I’ve really appreciated the space that The Asexual Agenda has provided for upper-level discussions of asexuality. Most of my own writing is rather “niche” and would find little audience on its own, but TAA has given me a space to explore a lot of topics important to me in a way I wouldn’t have been able to do otherwise. Even though I’ve been largely inactive as a blogger for more than a year for various personal reasons, including burnout, I’m glad that TAA continues to be a supportive community for me.
DC: When it comes to whether or not The Asexual Agenda has achieved its goals, I personally think the answer is an easy, “Yes.” Before I became a contributor to the blog, I had a rather difficult time finding asexual spaces that were doing more than “Asexuality 101” or acting as a sounding board for people who wanted to vent out their negative experiences. While there’s nothing wrong with either of those goals or set-ups, I think I had begun to feel jaded by them and wanted to move onto something new. I tried doing my own blog on tumblr for a while, but I had been in high school then – maybe in the early stages of transitioning to University – and had very little experience with being an ace out in the world.
I simply didn’t know enough to make something new and eventually tried to be a resource for other aces. I had wanted to dedicate myself to digging through all the anti-asexual garbage I always seemed to find on the site so that others could find information and share their experiences more easily, but it didn’t take me long to become jaded with that as well. The Asexual Agenda pulled me back into ace-blogging by showing me the sort of format I had been looking for, and while I don’t think I surround myself with the ace community and news on asexuality as much as I used to, I do appreciate its presence and the opportunities it gives me to speak about my experiences (much easier to talk about now that I’ve grown and actually felt like I’ve been a part of something).
As for the rest of the ace community, I don’t know what I can really say about it. There are times when I feel like we’re still stuck in a place where we’re simply trying to get people to understand who and what we are as a whole, and there are times when I can see that we’re slowly progressing towards other things. As others have said above, I think a lot of the progression comes in the form of ace fiction. Every now and again I see posts where people have compiled lists of books and shows that contain asexual characters, and there always seems to be a lot of excitement on those things when they come out.
Maybe excitement is all we need to keep moving forward and to pull out of the burnout that a lot of people seem to be experiencing these days (myself included). Obviously being jaded isn’t going to let us get anywhere – whether that’s being jaded by the political climate or the trend of anti-asexual posts that crop up on our timelines – and maybe we just need to find new ways to fight those feelings with more excitement. But then that leads to the questions: “How do we do that? Where do we find the excitement to keep experiencing and fighting and posting and to pull ourselves out of this slump?” I don’t know. Maybe it’s in fiction and maybe it’s not. I just hope we find that enthusiasm again soon, and I hope it works wonders for our entire community.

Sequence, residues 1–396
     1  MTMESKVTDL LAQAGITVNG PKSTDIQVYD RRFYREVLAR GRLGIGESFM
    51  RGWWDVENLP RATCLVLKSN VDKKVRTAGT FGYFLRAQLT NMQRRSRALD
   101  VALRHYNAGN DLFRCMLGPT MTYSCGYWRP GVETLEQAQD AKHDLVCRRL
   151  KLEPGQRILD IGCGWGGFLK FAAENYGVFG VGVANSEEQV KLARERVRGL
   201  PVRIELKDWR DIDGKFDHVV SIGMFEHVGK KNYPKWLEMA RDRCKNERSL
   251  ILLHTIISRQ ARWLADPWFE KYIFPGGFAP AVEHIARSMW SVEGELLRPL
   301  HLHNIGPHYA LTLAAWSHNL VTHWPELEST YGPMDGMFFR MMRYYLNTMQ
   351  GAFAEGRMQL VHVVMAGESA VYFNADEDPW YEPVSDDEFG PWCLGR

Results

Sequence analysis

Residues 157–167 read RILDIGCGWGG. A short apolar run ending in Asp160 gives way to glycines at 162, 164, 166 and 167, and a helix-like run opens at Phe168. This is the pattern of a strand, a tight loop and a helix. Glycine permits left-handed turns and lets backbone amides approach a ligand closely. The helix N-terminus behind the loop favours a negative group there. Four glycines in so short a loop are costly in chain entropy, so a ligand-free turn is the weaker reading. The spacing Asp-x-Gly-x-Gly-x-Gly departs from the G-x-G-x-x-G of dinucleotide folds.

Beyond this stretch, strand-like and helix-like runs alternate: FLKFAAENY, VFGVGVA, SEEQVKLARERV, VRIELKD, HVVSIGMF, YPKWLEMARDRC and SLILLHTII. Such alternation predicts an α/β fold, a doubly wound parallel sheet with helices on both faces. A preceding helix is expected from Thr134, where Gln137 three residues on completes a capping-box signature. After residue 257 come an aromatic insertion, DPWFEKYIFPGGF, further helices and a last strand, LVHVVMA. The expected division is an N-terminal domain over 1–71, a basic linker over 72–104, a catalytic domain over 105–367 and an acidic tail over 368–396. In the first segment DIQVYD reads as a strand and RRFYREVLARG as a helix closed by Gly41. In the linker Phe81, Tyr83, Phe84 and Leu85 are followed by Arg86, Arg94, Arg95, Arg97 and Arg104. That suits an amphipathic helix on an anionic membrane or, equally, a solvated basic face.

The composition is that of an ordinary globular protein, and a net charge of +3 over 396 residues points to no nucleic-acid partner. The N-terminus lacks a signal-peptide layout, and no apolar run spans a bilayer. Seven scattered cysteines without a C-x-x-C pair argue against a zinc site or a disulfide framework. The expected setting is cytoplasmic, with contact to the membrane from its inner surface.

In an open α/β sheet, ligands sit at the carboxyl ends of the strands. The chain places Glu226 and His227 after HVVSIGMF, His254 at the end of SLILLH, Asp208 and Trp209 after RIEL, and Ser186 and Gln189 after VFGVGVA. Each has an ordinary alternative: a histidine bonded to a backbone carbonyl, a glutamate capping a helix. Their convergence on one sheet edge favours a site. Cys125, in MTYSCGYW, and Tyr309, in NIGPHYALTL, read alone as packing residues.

Talia: I find it really interesting that Laura and DC both bring up fiction as the next place ace discourse might go. In my own research I’ve been exploring fiction as a medium that uses untruth or lies to say very real things that could not be said in another way (the author Ursula Le Guin is a great resource for this line of thought). I haven’t connected that research to asexuality and so I’ve been silent during this upswell in interest in fiction. I think my silence comes from an uncertainty of dipping my toes in (I should really just jump in already). Talking about ace representation in fiction seems very asexuality 201 to me, maybe even 301 if we want to keep adding numbers. To really make a meaningful contribution to the discussion you have to know a lot about how aces represent ourselves as individuals and in our communities. There are so many things that have been said and lots more to say. Ace representation in fiction is like meta-representation: using a representation as medium to comment on a representation. I’m very excited to see where these discussions will go, especially in terms of grappling with ace characters in fiction in terms of the unassailable asexual idea. I think The Asexual Agenda could play an important role in hosting and collating these future discussions.
Siggy: I like this idea of multiple waves of blogging brought up by Sara. I think the first wave was mostly focused on people sharing or venting personal experiences, and talking about asexuality 101. The second wave was more focused on systematic social critique, and that’s something I really tried to push. But it’s not like we stopped writing about personal experiences in 2011! Likewise, even if there’s a third wave where writers start focusing on other things, that does not spell the end of systematic social critique. That will always be a part of us, even if it’s not the same writers doing it year after year.